I am an Engineer in the Boston area. I like making things, teaching people how to make things, and tea. This blog is documents the things I make and do, and provides instructions on how to do the things I do, or make the things I make.
In my last post I explored the errors of unprocessed ADC data. In this post, I will show what happens if you add some simple gain + offset correction.
Gain error is caused by DNL. The ideal code width is 1, but lets say that there is a predictable DNL error of +.1 LSB- that means that for every code (and there could be a lot of codes!), the measured value strays from the ideal value by +.1 LSB. At the end of the range, the difference will be +.1LSB * number of codes. This (in the example) is equal to INL. Take a look at the INL of the arduino above- the average code width is 1.08, so the INL increases by .08 LSBs/code. Therefore the INL looks like a straight line when plotted against LSB.
If we just assume each LSB is a little bigger, we will get a much lower INL. This will cause us to loose a little voltage resolution (.08 LSBs), but we will end up with a MUCH lower INL. This is the same data, but with gain correction. INL was reduced from 85 LSBs to about 6 LSBs.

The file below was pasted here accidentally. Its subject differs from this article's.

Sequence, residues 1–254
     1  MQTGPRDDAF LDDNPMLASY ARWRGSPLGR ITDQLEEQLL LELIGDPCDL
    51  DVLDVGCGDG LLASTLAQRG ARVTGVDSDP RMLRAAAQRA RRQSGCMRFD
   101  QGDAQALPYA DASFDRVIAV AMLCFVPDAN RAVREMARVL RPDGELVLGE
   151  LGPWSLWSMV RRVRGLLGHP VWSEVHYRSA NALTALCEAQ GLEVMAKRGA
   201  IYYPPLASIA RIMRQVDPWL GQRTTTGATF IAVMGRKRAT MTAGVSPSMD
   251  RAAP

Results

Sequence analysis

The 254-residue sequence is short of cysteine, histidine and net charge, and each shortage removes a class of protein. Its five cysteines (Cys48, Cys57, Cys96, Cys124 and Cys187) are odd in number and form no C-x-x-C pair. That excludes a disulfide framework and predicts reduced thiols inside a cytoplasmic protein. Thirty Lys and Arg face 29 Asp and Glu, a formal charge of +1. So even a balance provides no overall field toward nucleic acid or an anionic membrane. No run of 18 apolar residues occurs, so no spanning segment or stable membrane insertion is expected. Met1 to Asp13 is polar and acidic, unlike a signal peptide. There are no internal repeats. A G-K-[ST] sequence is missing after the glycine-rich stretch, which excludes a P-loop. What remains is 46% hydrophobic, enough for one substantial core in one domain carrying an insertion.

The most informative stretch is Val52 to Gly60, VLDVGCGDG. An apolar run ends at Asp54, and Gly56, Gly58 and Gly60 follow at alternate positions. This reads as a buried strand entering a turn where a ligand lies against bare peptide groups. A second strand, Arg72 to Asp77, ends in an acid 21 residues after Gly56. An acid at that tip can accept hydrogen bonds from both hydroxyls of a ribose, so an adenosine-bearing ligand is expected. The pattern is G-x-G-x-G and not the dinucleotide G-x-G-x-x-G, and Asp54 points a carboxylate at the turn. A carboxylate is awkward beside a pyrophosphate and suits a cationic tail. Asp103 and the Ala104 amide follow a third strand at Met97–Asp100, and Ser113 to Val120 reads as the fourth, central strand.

However, the INL can still be improved- at low voltages, the most ADCs dont work very well. This causes a large DNL at the first code, as seen here in the corrected plot. This is where the line shoots straight up from 0 to about 6 at the first ADC code.
On a plot of DAC input-ADC output, it looks like the above – basically code 0 has a huge width. We can null this out by just adding a small offset to all the data. That means code 0 will still be wrong, but the rest of the codes will be right. because only the first code is messed up, we can usually ignore this error because we it only exists for a single code (code 0).
Here is the DNL for the fully corrected ADC- the max DNL across the whole ADC is closer to .8 now, except at code 0, which is off by about 6LSBs. This is equivalent to saying we cant measure less than 6 LSBs, but that if we make these corrections we will have an accuracy that is about .00084 mV (with 100x oversampling). That is pretty darn good.
What about the other ADCs?
How much can the other ADCs be improved? The ADS already has a pretty perfect gain and very little offset, so I skipped trying to fix it. Note the new LSB size and standard deviation are different than the previous values – to avoid the influence of the extremes of the ADCs, I only used the middle 90% of the ADC range to calculate the average LSB size.